Location: Life Sciences Centre
Department of Psychology and Neuroscience
1355 Oxford Street
P.O. Box 15000
Halifax, NS
B3H 4R2
Telephone: (902) 494-3417
Fax: (902) 494-6585


The last century has witnessed the emergence of a new, interdisciplinary field called Neuroscience. Its primary goal is the understanding of the brain. Neuroscience is a rapidly developing research area which includes all aspects of the structure and function of nervous systems. Neuroscience involves a variety of experimental strategies to understand nervous systems. These include molecular, biochemical, behavioural, anatomical, physiological, and developmental approaches. Although firmly grounded in the natural sciences, the scope of Neuroscience also encompasses fundamentally important philosophical issues, such as the nature of human thought and its mechanism. The programs outlined below represent all of these approaches, with an emphasis on behaviour as the adaptive product of neural activity. Knowledge obtained from research in Neuroscience is applied to a variety of human health problems, including Alzheimer's disease, Parkinson's disease, and a variety of drug- or injury-induced behavioural disorders. Research in Neuroscience is also contributing new information related to the major psychiatric disorders, including affective disorders and the schizophrenias.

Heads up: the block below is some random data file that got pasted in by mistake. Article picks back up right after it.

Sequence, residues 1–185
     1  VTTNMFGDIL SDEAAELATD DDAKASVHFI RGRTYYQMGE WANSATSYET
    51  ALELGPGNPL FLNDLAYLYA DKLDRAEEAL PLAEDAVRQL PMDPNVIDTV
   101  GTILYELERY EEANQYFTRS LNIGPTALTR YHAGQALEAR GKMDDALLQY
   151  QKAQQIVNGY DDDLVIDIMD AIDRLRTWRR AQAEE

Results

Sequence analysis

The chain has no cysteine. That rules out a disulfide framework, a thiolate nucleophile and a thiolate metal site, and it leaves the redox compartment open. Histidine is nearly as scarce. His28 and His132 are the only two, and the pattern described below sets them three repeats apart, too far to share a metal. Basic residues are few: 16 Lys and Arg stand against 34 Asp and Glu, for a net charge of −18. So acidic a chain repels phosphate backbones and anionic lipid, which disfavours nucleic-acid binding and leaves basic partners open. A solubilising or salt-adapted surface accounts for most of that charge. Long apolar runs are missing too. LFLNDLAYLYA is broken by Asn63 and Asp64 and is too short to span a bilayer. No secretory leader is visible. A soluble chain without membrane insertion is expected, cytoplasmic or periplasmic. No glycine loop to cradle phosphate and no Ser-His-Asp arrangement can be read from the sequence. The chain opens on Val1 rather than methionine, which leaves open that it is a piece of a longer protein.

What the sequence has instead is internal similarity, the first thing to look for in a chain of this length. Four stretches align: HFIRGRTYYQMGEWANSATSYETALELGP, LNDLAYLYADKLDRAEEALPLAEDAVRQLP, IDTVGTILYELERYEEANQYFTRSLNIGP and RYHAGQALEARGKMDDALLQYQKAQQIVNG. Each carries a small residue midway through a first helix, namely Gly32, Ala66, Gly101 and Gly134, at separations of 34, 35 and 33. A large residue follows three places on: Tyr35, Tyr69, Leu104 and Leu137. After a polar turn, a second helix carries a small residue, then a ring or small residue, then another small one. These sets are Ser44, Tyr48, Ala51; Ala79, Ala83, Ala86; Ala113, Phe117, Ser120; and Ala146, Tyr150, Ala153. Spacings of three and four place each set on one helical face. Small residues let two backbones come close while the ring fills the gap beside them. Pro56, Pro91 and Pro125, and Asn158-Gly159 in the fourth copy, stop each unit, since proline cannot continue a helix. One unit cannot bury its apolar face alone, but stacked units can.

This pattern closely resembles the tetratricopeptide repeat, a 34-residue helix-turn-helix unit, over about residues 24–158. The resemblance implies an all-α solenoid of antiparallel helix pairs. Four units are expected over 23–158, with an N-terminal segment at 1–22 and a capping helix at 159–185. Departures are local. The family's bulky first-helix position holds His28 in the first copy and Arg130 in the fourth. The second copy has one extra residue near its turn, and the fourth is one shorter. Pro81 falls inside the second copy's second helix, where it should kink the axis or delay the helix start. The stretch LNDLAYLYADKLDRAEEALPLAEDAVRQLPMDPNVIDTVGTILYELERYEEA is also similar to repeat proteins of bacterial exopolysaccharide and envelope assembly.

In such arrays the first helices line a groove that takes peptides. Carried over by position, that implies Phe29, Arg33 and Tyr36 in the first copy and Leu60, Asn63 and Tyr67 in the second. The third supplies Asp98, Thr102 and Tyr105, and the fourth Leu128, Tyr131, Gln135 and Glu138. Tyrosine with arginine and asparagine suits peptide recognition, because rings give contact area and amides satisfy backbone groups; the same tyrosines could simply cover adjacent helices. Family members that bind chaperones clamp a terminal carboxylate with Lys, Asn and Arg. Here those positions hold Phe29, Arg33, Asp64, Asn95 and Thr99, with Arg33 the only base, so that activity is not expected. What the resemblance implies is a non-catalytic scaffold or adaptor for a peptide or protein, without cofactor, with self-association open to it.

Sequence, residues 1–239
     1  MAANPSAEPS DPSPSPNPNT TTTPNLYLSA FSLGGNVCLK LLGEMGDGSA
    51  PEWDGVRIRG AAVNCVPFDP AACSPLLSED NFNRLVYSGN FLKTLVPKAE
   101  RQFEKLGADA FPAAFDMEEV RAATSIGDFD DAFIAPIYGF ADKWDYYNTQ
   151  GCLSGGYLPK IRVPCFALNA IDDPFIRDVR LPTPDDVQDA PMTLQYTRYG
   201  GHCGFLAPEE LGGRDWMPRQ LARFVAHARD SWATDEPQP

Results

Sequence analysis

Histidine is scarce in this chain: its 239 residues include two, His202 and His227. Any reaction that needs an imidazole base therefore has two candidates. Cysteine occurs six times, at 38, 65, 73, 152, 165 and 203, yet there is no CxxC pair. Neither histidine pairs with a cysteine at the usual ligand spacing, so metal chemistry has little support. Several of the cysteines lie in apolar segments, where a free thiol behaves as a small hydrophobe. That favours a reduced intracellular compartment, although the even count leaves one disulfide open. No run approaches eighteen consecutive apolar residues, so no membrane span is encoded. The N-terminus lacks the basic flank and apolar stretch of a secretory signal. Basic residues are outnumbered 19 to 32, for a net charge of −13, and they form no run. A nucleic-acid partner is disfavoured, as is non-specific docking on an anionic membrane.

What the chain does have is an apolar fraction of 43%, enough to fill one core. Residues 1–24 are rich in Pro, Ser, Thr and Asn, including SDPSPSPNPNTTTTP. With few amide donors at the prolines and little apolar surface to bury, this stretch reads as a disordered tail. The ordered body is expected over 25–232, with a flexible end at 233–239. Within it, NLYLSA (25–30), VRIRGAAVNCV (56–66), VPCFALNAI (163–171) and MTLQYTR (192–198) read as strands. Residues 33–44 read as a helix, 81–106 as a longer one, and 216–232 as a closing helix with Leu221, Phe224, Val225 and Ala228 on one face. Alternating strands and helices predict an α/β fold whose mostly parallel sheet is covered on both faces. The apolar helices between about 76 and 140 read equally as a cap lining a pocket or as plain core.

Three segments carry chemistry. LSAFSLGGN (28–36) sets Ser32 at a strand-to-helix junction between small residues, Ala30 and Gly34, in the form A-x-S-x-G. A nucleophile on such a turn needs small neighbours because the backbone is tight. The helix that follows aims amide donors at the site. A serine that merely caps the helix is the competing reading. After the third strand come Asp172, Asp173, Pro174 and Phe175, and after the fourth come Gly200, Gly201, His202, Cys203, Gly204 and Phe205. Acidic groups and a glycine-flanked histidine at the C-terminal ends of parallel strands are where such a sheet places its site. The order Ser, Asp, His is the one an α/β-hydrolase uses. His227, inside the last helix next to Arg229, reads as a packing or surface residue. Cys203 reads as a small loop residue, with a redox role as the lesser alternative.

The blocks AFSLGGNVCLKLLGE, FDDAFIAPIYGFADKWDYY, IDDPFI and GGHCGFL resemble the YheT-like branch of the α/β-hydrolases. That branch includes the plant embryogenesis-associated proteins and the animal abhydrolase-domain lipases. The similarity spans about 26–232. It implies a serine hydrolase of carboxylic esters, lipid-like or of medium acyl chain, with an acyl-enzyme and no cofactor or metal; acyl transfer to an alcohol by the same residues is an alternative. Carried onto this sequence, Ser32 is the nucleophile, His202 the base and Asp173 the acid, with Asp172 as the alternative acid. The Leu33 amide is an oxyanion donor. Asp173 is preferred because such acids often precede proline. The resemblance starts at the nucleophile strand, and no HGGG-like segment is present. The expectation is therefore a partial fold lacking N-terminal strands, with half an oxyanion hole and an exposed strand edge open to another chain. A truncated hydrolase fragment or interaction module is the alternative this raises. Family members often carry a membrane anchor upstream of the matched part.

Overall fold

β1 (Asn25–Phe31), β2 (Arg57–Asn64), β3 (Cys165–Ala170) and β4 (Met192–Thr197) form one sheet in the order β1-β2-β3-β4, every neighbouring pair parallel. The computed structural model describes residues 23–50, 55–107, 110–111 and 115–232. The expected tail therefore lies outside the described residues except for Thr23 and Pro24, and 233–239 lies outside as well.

Degree Programs

The Department of Psychology and Neuroscience offers the following degree programs in Neuroscience:

  • BSc (120 credit hour) Honours (Concentrated)*
  • BSc (120 credit hour) Combined Honours*
  • BSc (120 credit hour) Major*
  • BSc (120 credit hour) Double Major*
  • Minor in Neuroscience

* May be combined with Minor programs from other disciplines (except Psychology).

Departmental requirements for each degree program can be seen by following the links in the menu at the right.

In addition to departmental requirements, students must satisfy the requirements outlined in the Academic Regulations and the College of Arts and Science Degree Requirements sections.

A student is governed by the academic regulations in place at the time of initial enrolment, as long as the degree is completed within the time permitted (10 years). Subsequent changes in regulations shall apply only if the student so elects. Students applying the old academic regulations should consult the calendar of the appropriate year.

Students should plan their programs of study carefully and are strongly encouraged to do so in consultation with a Neuroscience undergraduate academic advisor.